Forum asks candidates to address disability issues

Ehrlich's wife, as stand-in, Townsend pledge support

October 11, 2002|By David Nitkin | David Nitkin,SUN STAFF

Rows of wheelchairs lined the rear of the overflowing function room at Inner Harbor Hyatt Regency, and the visually impaired tapped canes along crowded aisles.

The temperature rose inside, along with passions of disabled voters, family members and advocates who wanted to know how Maryland's candidates for governor would address the housing, transportation, education and rehabilitation issues that touch their daily lives.

Lt. Gov. Kathleen Kennedy Townsend and Kendel Ehrlich, standing in for her husband, Rep. Robert L. Ehrlich Jr., fielded question after detailed question yesterday at a Maryland Disabilities Forum that attracted an audience of more than 800.

A woman asked who could figure out why her son came off his bus one day apparently beaten. A man asked if he would have to leave Baltimore to secure an adequate public education for his disabled son.

"These things affect our lives," said Joel D. Myerberg, chairman of the forum. "Not just our wallets or something else, but our lives."

Townsend and Ehrlich both promised that the next administration would work to keep people with disabilities in their communities, rather than in institutions. They pledged better access to public classrooms and extracurricular activities, and said they support more jobs and improved transportation.

"The objective was to make sure the disability community felt like they had some voice in the campaign," said C. David Ward, vice chairman of the forum. "Along with trying to get our candidates to recognize that there is a large, powerful disabled community out there who votes, whose parents vote, whose children vote."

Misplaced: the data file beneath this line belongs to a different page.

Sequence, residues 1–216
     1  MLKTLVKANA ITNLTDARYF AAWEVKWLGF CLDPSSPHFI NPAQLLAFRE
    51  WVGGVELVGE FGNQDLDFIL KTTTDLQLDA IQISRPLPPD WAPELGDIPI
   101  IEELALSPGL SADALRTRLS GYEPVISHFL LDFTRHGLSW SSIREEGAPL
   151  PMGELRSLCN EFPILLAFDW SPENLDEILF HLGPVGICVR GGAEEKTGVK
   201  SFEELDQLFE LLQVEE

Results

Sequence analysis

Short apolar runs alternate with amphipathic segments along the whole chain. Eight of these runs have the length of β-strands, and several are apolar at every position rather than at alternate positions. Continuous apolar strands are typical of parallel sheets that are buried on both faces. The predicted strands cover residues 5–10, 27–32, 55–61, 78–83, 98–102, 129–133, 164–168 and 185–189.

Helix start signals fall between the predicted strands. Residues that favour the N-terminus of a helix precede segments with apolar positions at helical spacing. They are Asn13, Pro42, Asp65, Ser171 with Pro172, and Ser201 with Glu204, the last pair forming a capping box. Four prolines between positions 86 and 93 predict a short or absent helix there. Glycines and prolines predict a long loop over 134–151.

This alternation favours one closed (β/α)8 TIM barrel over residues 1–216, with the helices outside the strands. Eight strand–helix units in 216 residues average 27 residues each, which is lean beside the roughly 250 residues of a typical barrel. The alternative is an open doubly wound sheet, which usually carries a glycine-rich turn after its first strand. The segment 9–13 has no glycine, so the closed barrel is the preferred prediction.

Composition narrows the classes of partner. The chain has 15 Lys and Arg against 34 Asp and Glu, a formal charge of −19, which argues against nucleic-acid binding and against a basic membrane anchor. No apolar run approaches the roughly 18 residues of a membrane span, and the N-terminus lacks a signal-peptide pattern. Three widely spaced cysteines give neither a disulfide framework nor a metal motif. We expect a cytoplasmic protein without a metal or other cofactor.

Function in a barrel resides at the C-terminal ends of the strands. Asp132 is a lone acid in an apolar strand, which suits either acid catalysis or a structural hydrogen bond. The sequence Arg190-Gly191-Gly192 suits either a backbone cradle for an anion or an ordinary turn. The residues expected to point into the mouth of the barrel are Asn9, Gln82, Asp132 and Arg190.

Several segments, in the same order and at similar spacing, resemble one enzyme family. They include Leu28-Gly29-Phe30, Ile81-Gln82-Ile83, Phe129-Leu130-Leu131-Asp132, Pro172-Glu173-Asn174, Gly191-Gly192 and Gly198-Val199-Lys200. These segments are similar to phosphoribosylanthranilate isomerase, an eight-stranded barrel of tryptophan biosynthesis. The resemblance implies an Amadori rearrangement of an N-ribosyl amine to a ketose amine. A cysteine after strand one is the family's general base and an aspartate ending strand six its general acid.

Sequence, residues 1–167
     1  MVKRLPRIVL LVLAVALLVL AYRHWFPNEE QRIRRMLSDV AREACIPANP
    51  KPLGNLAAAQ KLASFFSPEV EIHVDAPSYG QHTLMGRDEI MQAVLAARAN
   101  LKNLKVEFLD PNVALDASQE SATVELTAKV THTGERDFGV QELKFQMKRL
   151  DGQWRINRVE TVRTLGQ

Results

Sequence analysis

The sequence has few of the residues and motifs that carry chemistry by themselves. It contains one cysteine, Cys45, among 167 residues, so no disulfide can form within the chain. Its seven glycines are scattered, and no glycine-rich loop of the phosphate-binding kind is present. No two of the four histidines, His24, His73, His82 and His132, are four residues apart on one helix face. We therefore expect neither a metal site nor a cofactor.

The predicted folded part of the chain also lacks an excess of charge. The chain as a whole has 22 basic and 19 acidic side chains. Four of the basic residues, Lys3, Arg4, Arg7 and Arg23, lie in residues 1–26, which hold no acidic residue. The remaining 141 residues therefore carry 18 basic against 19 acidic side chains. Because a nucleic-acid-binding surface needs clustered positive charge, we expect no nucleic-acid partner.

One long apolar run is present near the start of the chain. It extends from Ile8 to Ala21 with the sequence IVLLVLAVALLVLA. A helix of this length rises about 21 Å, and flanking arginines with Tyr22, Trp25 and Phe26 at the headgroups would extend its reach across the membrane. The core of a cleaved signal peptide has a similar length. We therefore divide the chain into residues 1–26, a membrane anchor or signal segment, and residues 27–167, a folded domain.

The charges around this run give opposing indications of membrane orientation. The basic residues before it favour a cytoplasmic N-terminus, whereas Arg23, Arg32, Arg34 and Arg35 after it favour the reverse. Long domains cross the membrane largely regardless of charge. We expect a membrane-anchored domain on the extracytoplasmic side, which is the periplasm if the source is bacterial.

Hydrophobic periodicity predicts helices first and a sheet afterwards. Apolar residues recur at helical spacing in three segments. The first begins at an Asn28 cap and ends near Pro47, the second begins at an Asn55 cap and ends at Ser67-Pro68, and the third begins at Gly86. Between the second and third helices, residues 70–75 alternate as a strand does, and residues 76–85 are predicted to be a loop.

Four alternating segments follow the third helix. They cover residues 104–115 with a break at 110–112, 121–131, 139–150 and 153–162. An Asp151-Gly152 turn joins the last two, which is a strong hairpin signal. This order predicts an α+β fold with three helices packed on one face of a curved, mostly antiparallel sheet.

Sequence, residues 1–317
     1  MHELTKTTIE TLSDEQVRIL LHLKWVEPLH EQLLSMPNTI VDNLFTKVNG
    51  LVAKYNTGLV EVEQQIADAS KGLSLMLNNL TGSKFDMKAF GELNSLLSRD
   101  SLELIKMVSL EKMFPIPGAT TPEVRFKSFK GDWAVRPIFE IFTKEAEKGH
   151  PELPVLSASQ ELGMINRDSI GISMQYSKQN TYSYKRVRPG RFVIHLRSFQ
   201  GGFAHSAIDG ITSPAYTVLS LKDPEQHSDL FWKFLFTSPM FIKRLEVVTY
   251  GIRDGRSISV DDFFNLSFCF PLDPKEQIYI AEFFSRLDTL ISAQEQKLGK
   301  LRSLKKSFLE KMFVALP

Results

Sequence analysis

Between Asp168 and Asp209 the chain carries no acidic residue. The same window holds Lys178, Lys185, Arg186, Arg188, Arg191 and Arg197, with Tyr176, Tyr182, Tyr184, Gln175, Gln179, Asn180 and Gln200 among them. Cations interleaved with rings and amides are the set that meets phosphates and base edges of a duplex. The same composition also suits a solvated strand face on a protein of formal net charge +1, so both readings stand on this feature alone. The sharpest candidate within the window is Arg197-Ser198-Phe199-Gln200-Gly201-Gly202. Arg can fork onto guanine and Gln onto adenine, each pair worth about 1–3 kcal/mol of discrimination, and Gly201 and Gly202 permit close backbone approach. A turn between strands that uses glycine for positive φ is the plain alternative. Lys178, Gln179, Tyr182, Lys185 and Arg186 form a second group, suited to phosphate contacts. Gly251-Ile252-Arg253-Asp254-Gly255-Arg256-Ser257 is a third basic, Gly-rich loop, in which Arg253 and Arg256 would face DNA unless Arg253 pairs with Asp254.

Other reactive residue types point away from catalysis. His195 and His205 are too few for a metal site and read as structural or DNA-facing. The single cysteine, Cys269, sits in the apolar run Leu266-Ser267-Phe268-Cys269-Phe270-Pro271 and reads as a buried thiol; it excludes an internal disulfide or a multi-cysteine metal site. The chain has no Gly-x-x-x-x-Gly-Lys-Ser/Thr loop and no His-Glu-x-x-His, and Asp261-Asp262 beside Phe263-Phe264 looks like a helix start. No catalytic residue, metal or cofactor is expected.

The crowd's size - among the largest of any interest group on the campaign trail this year - delivered that message.

"I was a little surprised," said Ehrlich, who learned Wednesday that she would replace her husband, who was in Congress considering a resolution on war with Iraq. "It really does enlighten you. These people are rightfully dependent on government."

Townsend, whose campaign distributed materials in Braille, large-print and computer software formats, blasted Washington for failing to meet its commitment on special education, providing only 15 percent of the costs, instead of the 40 percent promised, she said.

"The federal government should do their part," she said.

Townsend said budget cuts would not affect people with disabilities living in community settings. When she promised that transportation services would be improved, someone shouted out, "It hasn't happened so far."

"I haven't been governor so far," Townsend responded to applause.

Kendel Ehrlich said the current administration has failed to serve the disabled community well. "Maryland is the fourth most segregated state in the nation when it comes to children with disabilities," she said. "And that is a failure of the Glendening-Townsend administration."

Her husband's plan to allow slot machines at racetracks, she said, will provide money to improve education. But the current administration, she said, is banking on a cigarette tax increase that won't meet the requirements of a school-funding reform plan approved this year.

"The Glendening-Townsend administration has sent a message: Smoke more, and you get better education," she said.

As dissatisfaction with some of Ehrlich's answers grew, Ward, serving as moderator, moved to defuse the situation. The candidate's wife, he said, should be given credit for showing up and doing her best.

"I hope you're going to wring your husband's neck," he said.

"He owes me big time on this one," she replied.

In other campaign events yesterday, the State Law Enforcement Officers' Labor Alliance held a pep rally for Townsend in Parkville, joined by leaders of the Coalition of Black Maryland State Troopers and the statewide Fraternal Order of Police.

The union - representing about 1,850 troopers and other state law-enforcement officers - praised the efforts of Townsend and Gov. Parris N. Glendening to improve pay and benefits.

"Our lieutenant governor has been the go-to person for law enforcement," said John A. Bartlett Jr., president of the statewide FOP.

Sun staff writers Howard Libit and Sarah Koenig contributed to this article.

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